December is Jeanne Moreau Month!

Diary of a Chambermaid (dir. Luis Buñuel, 1964)

Devilish, kinky, and relentlessly bleak, Luis Buñuel’s Diary of a Chambermaid is an unorthodox portrait of simmering tensions coming to a malevolent boil in pre-World War II France.  Shot in the icy beauty of black-and-white Cinemascope and set in the tomb-like chill of French provincial winter, the film opens on the arrival of a new chambermaid, Celestine, to the Monteil manor.  Played by cinema’s ultimate vrai femme Jeanne Moreau, whose alert eyes and down-turned lips betray a certain critical ambivalence in a seductively pleasant visage, Celestine is a chic Parisian transplant in the midst of impassive countryside estates and gauzy, rolling fog.

Inside the Monteil chateau, Celestine is confronted with an assortment of hushed depravity, which she meets with the quiet, acutely perceptive eye of a woman shrewdly versed in the world’s more perverse eccentricities.  Aging Monsieur Rabour invites Celestine into his study and quickly shifts from avuncular to lecherous as he fondles her slender calf and asks her to try on a pair of Victorian button-up boots.  His son-in-law, Monsieur Monteil (Buñuel regular Michel Piccoli), hopelessly uninterested in his wife, stalks around the house and grounds like a salivating tiger, alternately pawing and clawing at Celestine with ferocious lust.  Joseph, the ornery groundskeeper, snarls shamelessly and loudly about his desire to kill Jews.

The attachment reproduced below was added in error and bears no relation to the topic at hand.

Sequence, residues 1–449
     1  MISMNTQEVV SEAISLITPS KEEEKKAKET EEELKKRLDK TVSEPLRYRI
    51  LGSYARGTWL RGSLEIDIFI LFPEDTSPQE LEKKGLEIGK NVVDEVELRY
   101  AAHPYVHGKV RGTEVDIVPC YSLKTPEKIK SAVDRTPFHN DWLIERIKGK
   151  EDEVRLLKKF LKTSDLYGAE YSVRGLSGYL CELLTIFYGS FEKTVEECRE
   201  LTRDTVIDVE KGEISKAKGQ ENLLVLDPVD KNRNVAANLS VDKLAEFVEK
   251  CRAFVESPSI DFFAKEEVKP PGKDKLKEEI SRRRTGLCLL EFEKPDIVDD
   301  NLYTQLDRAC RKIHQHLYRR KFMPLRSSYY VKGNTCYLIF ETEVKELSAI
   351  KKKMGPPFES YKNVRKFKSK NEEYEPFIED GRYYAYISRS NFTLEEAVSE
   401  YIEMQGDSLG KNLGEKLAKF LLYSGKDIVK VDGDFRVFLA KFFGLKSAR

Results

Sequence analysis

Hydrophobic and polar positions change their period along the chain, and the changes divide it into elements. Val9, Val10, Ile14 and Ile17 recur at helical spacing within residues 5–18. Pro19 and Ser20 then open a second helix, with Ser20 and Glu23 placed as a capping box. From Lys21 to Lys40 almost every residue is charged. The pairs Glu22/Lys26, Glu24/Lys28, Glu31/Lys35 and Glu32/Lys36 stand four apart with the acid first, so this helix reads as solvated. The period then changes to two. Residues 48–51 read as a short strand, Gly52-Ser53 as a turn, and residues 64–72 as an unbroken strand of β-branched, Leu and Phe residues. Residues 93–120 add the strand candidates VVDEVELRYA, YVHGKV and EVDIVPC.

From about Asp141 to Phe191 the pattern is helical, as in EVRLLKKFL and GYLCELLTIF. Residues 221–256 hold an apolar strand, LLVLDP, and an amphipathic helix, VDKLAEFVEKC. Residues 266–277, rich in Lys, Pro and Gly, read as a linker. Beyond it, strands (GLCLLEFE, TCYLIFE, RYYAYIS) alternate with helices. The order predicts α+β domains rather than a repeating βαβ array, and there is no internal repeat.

In Diary of a Chambermaid, Buñuel displays his signature institutional pessimism and shows us an environment rife with moral disease.  Religious hypocrisy, repressed sexuality and a frenzied yet increasingly unified anti-Semitism all invade the film to create jolting, surprising mise-en-scene with sting.  While positioning the male characters in a predatory and tightening circle, Buñuel elegantly emphasizes the women in the film and their distinctly unpromising options.

Even once Celestine, in a move of thrilling agency, reveals a repulsive murderer among the residents of Monteil manor, and transforms from chambermaid into a role of more lofty status, she is still shackled to the double-edged tool of sex appeal that allows her to “improve” her prospects, and is still powerless to the injustice that pervades the film’s denouement.  As we are reminded by the most shocking, stomach-turning image in the film – that of a little girl’s lifeless legs protruding from a thicket, with snails inching along her shins – when evil is on the rise, it extends its slimy, parasitic form and destroys even the most innocent of lives.

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